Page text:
And to visitors it seems that some Americans - a group usually numbering around 15 or 16 - have found ways to live the dream life more or less permanently. Most of these long-staying Americans have done it by marrying Tahitians (the simplest way, if you don't have a needed job skill, to circumvent the strict French laws about how long foreigners can stay). Most have golden-skinned children that are more Polynesian than American. And most consider Bora-Bora, more than America, to be their home.
But are they living a dream life? When you live on Bora-Bora, is it paradise? Or is it just¿where you live?
To seek the answers, I spent a dozen days talking to dozens of people, sometimes under conditions that finally prompted my wife, Diane, to ask "You call this work?" I talked to Americans, among them 18-year-resident Monty Brown, whose duties as director of the Hotel Bora Bora have included commiserating with a guest who complained that the splashing of the fish beneath the window of her overwater bungalow was keeping her awake at night. And Robin Teraaitepo, a woman who has lived on Bora-Bora for five years with her Tahitian husband, Ben. "When I was growing up in Oklahoma," she said, "the closest I ever thought I was going to get to paradise was watching the Don Ho show."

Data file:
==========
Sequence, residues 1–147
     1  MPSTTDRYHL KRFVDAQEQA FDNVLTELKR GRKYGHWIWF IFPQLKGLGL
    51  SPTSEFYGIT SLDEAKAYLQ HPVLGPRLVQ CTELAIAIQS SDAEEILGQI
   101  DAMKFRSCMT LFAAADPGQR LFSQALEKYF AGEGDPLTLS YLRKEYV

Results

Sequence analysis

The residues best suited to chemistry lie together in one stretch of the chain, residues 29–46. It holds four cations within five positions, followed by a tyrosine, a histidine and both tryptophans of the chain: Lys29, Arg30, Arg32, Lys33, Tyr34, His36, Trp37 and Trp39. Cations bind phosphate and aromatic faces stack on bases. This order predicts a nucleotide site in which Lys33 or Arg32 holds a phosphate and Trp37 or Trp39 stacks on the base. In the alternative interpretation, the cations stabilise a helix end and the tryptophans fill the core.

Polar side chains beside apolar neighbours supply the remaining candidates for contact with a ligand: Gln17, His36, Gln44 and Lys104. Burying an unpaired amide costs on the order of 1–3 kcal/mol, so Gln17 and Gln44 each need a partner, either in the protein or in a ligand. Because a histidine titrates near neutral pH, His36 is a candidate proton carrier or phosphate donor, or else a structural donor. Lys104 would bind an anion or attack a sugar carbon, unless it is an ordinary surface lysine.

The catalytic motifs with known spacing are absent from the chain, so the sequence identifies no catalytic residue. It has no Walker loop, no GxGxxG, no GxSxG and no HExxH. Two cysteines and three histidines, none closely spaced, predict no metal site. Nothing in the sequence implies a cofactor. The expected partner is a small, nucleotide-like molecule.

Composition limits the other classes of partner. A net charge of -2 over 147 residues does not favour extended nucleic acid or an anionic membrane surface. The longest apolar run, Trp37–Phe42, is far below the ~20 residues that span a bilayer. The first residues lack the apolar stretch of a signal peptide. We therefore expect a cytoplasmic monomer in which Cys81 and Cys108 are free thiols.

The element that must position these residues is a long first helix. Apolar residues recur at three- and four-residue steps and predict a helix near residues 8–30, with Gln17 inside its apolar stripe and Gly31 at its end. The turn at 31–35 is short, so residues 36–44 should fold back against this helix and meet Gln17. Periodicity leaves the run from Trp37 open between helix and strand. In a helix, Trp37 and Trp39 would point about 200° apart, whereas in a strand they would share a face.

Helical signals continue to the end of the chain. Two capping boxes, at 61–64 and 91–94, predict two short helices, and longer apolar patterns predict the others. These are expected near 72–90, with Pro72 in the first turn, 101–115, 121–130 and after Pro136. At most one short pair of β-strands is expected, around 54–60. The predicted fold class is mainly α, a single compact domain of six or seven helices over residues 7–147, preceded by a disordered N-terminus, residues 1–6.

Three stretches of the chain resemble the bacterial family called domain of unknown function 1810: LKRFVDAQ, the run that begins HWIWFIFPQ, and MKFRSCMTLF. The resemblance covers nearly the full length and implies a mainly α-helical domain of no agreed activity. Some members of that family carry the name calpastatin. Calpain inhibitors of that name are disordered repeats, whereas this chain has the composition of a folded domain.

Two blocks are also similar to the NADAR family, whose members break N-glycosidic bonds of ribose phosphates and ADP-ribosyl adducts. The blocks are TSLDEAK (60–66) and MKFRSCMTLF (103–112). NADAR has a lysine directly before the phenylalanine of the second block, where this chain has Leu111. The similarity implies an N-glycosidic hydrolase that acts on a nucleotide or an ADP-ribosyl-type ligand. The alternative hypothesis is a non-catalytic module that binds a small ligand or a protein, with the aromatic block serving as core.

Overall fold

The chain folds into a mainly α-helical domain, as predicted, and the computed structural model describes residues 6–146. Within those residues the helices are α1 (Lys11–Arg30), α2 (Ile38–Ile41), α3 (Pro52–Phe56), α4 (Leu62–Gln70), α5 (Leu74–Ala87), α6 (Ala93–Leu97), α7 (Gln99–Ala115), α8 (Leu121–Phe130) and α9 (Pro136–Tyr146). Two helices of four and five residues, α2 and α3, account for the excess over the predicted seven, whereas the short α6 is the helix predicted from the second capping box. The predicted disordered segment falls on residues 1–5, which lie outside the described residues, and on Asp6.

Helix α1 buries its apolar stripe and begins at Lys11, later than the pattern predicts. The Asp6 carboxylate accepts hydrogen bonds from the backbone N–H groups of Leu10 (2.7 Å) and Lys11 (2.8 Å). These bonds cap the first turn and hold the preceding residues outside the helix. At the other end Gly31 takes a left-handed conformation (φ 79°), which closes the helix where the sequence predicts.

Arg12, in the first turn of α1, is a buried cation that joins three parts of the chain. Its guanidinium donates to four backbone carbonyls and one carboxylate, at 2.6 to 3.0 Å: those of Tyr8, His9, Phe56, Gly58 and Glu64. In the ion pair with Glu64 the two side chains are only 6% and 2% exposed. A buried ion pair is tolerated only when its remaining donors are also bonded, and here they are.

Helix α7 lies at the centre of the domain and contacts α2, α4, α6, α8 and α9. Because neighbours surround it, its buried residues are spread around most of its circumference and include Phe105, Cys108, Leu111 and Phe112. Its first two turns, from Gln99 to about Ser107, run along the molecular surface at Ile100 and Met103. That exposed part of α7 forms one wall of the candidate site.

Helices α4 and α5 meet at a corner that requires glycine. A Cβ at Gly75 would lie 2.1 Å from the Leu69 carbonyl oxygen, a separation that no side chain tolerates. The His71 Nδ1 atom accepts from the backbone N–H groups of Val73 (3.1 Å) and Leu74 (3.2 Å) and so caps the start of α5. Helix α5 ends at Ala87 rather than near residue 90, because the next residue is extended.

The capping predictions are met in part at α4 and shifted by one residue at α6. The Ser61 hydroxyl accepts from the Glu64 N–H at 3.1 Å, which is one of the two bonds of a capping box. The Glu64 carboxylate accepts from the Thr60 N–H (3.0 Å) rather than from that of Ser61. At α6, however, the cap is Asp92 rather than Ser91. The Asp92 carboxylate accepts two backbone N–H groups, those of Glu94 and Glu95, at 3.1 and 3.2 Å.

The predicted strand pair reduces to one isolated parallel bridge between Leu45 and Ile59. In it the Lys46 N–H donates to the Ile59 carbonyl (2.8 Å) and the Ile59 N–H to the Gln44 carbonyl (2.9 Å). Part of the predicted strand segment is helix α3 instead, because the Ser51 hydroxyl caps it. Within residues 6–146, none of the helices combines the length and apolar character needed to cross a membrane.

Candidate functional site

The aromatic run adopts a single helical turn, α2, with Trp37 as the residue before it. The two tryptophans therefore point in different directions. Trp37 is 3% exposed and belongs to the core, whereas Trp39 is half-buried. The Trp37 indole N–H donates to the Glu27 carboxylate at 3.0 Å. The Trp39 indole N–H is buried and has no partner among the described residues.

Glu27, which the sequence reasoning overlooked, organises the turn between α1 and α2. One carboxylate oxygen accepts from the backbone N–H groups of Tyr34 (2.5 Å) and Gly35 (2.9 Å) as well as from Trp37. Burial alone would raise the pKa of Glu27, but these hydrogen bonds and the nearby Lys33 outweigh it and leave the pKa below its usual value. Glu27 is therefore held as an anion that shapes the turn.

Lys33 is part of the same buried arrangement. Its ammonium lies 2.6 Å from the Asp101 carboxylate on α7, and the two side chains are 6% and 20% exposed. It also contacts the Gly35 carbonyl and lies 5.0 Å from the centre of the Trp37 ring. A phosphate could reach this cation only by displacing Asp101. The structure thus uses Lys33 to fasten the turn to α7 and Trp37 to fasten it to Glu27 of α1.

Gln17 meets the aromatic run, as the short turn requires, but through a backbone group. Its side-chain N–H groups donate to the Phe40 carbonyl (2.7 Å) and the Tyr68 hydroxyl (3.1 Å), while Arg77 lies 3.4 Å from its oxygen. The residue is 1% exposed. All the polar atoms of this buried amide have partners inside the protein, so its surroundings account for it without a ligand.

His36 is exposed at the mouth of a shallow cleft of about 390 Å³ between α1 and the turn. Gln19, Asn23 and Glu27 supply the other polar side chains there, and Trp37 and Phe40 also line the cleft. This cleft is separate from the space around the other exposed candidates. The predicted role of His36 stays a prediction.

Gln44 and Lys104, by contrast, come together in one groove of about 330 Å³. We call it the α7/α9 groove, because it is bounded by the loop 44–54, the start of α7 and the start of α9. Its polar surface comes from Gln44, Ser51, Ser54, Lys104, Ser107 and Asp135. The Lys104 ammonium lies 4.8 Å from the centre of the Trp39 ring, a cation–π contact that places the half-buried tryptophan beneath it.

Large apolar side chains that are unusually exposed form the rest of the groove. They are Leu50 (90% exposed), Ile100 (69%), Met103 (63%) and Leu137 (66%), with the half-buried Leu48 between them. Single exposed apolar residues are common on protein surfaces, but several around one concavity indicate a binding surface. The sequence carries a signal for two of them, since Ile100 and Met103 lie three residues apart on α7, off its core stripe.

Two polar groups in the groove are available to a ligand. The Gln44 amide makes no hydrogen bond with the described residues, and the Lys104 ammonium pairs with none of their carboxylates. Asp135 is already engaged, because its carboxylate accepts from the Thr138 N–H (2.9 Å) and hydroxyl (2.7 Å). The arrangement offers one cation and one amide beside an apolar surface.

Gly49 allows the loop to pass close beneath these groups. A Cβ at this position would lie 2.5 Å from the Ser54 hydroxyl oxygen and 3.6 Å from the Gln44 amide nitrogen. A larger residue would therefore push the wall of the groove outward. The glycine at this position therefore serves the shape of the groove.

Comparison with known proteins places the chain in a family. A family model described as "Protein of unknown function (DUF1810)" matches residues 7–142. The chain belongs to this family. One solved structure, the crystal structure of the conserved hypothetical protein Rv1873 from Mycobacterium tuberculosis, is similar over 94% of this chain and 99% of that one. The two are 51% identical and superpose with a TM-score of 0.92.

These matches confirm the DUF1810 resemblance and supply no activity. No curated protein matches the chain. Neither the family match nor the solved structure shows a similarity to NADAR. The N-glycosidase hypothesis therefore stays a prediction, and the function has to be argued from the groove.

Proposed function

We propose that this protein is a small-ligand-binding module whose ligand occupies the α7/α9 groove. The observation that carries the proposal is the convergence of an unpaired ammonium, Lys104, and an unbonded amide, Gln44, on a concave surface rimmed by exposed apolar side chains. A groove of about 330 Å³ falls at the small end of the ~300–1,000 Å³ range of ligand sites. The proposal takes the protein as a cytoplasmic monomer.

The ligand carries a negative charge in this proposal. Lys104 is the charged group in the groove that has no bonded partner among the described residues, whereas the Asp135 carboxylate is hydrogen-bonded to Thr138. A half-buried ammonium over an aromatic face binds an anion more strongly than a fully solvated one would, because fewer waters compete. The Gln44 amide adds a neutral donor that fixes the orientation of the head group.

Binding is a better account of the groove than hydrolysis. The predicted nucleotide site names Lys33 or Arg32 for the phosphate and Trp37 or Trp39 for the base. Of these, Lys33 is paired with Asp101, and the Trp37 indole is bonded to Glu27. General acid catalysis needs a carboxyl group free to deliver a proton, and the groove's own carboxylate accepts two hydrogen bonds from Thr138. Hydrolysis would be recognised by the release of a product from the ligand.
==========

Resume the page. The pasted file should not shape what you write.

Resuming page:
I talked to locals, ranging from the mayor, who had recently come to power on the promise of running water for every home, to a young Tahitian who had returned from a visit to California with the belief that American women were much easier to live with than Tahitian. "American woman, to show her you love her, you just buy flowers. Tahitian woman, that don't work."
My conclusion, based on what I heard from all these people, is that Bora-Bora really is paradise. But for an outsider, living in paradise is hard work. You have to work hard at understanding the people you have chosen to live among.
And you have to work hard at understanding yourself.
You have to understand that pure-blood Tahitians, unlike your unfortunate self, are not the product of a cold-weather culture where the idea of getting ahead developed as a necessity for surviving the winter. To them, the chief attraction of a job is often that it is an opportunity to visit with friends.